BIB Category First Name Last Name Sex Category Group License Stage 1 Stage 2 GC time place
267 Men 35+ Stefano Profumo M 405412 05:19:57 05:28:12 10:48:09 1
269 Men 35+ Scott Penzarella M 268482 05:20:14 05:34:40 10:54:54 2
263 Men 35+ Aaron Wise M 259188 05:20:44 05:36:26 10:57:10 3
299 Men 35+ Chris Abbott M 1019 05:33:47 05:45:54 11:19:41 4
279 Men 35+ Adam Pacal M 203516 05:32:49 05:59:04 11:31:53 5
266 Men 35+ David Rous M 189872 05:44:10 05:56:57 11:41:07 6
291 Men 35+ adam hensley M 264830 05:47:16 05:56:58 11:44:14 7
265 Men 35+ Shawn Vangassen M 156086 05:51:29 05:57:33 11:49:02 8
268 Men 35+ Richard Picarelli M 48303 05:47:15 06:29:24 12:16:39 9
262 Men 35+ Atilla Fruttus M 374774 06:08:13 06:12:01 12:20:14 10
278 Men 35+ Richard Pego M 41144 06:36:04 06:21:27 12:57:31 11
283 Men 35+ Craig Latimer M 238121 06:25:15 06:37:20 13:02:35 12
282 Men 35+ ian lockley M ONE DAY 06:25:15 06:38:20 13:03:35 13
295 Men 35+ Miko Espanol M 365846 06:34:58 06:50:48 13:25:46 14
264 Men 35+ Brian Wasson M ONE DAY 07:01:31 06:37:46 13:39:17 15
297 Men 35+ Thomas Baker M INTL 07:02:15 07:20:48 14:23:03 16
281 Men 35+ Chad Lucius M 367182 07:35:20 07:12:30 14:47:50 17
298 Men 35+ Arjuna Hutchins M 333096 07:23:05 08:23:53 15:46:58 18
280 Men 35+ Matthew Muehlbauer M ONE DAY 06:24:47 19:00:01 01:24:48 19

At the finish, enjoying hot food and warm clothes

Descending White Mountain
This was a great experience. I was happy to have devoted a lot of attention to fueling strategies (which I think I nailed, but that took a lot of focus, especially to keep eating in the midst of intense climbing) and to studying very carefully each climb (among other things, I had a detailed cheat-sheet taped to my bike which was really helpful to know exactly where aid stations were, how long and steep the climbs were etc). I thought I mentally raced quite well also: the attacks at the end of stage one were a bit crazy, but I thought it was the right thing to do to attack as early as possible on the final climb, to try to put some time into my competitors. I think Scott paid dearly having responded to that frenzy. And it just was the most epic and fun race I've ever experienced!

Monday, September 22, 2014

Oakland Grand Prix Criterium 35+ 3/4s by Matthew Sloan

This was a really fun course in downtown Oakland close to Lake Merritt. Due to a street fair the promoters changed the course for this year. They had a 180 degree turn just after the start/finish to bring you back onto the old route.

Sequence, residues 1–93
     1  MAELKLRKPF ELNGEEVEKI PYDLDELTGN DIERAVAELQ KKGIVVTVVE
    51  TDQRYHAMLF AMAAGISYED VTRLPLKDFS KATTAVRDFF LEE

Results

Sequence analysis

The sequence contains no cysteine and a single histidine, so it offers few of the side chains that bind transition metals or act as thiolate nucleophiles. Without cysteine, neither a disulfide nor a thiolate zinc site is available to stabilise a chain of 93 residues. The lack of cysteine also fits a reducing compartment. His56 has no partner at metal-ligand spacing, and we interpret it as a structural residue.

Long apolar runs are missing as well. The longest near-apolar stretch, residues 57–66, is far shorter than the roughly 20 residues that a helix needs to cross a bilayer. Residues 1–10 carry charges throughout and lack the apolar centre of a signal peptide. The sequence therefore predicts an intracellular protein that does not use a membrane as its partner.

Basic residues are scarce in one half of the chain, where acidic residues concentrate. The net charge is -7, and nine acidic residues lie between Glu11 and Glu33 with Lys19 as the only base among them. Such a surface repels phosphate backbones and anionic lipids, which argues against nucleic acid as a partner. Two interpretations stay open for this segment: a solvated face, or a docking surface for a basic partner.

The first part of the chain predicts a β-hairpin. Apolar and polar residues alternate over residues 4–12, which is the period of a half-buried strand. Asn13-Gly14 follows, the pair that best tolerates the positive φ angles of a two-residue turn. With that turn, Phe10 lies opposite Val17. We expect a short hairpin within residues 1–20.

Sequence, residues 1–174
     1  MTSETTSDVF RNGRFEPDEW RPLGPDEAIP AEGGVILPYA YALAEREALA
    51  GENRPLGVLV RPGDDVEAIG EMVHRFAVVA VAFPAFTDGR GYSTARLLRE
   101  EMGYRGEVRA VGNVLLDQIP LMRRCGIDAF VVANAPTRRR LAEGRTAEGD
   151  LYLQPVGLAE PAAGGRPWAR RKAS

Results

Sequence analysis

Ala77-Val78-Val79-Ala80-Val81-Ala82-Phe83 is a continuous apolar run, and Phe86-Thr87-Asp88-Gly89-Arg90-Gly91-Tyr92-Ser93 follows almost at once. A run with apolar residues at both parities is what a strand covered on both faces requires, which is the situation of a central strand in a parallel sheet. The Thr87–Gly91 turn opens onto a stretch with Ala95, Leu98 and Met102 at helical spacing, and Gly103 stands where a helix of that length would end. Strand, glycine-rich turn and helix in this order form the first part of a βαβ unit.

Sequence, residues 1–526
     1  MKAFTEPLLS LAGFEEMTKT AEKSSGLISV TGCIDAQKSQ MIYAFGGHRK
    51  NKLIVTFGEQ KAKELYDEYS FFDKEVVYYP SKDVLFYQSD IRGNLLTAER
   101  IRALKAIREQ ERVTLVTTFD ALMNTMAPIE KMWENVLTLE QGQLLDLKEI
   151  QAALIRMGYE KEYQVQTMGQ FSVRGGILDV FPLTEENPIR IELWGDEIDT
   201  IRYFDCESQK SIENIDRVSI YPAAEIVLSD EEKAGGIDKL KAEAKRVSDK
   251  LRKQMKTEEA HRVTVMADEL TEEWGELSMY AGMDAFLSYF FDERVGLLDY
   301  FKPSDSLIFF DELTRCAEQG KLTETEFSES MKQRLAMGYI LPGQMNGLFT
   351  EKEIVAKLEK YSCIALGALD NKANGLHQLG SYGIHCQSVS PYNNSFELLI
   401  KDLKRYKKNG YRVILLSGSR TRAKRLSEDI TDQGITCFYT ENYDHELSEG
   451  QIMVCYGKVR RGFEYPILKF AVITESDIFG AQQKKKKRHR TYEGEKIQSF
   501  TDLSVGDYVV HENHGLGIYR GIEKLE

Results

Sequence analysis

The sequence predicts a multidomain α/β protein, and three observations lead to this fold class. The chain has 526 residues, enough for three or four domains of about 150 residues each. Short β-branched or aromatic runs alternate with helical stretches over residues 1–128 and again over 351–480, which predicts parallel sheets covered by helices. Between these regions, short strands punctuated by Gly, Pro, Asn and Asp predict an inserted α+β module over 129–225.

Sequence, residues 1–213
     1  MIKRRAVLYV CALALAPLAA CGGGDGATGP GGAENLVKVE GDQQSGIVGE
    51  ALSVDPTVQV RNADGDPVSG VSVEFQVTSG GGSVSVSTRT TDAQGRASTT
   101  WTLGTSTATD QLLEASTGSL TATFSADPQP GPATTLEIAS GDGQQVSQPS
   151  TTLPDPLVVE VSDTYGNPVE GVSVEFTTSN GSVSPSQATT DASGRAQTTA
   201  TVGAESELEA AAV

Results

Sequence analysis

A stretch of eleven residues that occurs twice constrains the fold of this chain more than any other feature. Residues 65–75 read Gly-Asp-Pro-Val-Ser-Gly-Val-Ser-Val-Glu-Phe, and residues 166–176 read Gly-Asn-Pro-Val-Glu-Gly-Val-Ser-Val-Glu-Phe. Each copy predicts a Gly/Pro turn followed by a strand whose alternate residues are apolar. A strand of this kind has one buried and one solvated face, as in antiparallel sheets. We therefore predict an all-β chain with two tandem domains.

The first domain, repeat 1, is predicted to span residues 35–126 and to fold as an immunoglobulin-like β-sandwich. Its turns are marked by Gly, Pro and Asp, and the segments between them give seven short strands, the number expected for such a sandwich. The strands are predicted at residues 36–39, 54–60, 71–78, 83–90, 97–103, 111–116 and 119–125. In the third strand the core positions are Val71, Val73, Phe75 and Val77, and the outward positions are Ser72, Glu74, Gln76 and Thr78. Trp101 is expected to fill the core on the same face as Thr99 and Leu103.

The course started slightly downhill. There was a sweeping 90 degree left hand turn into a very slight uphill straight of about 200m, into a 90 degree right hand turn, into a slightly uphill straight of about 120m, into a 270 degree hairpin turn, into a short flat straight of about 70m, into a 90 degree right hand turn, into a slightly downhill straight of about 150m, into a sweeping 90 degree left hand turn, into a slightly downhill straight of about 130m, into a 90 degree right turn that took you into the 150-200m uphill straight to the finish, and the 180 degree turn to stay on the new course.

The race started off pretty fast. There were a few attacks which were easily covered. Matt Adams of Mike Bikes, he was 2nd in the 35+ 1/2/3s at Pescadero, made an attack and got away. I let him go to see if he could establish a break. A nice gap formed. I made a move just before the 180 and unfortunately I had a group on my wheel after the turn. I sat up at the bottom of the hill where another rider attacked and slowly got onto Matt's wheel.

I was right at the front so I couldn't make a move to get onto the break. I held back to got myself in a position two or three back from the front. I was readying myself for an acceleration that would prevent anyone from following. I felt really strong, ready for a good podium. One of those feelings when you know you are one of the strongest in the field. Well, lady luck had other ideas. The rider in front of me flatted. I went to go around his left hand side but he moved in the same direction to get off the course. He forced me way outside where I had to slow for him. In the meantime the whole field and motor cyclist taking up the rear went past me. When I finally got back on the course I was at least 30m - 50m back with 3 laps to go.

Frustrated, and mentally cursing the rider who took me off the course, I hammered my away around, fighting hard to reconnect. It took just over a lap to get close to the back. That is when the attacks started happening. The whole peloton became a line of riders with me weaving in and out to make places up. With one lap to go I was about half way down. I did everything I could on the last lap and made it into the top ten - 8th place over all.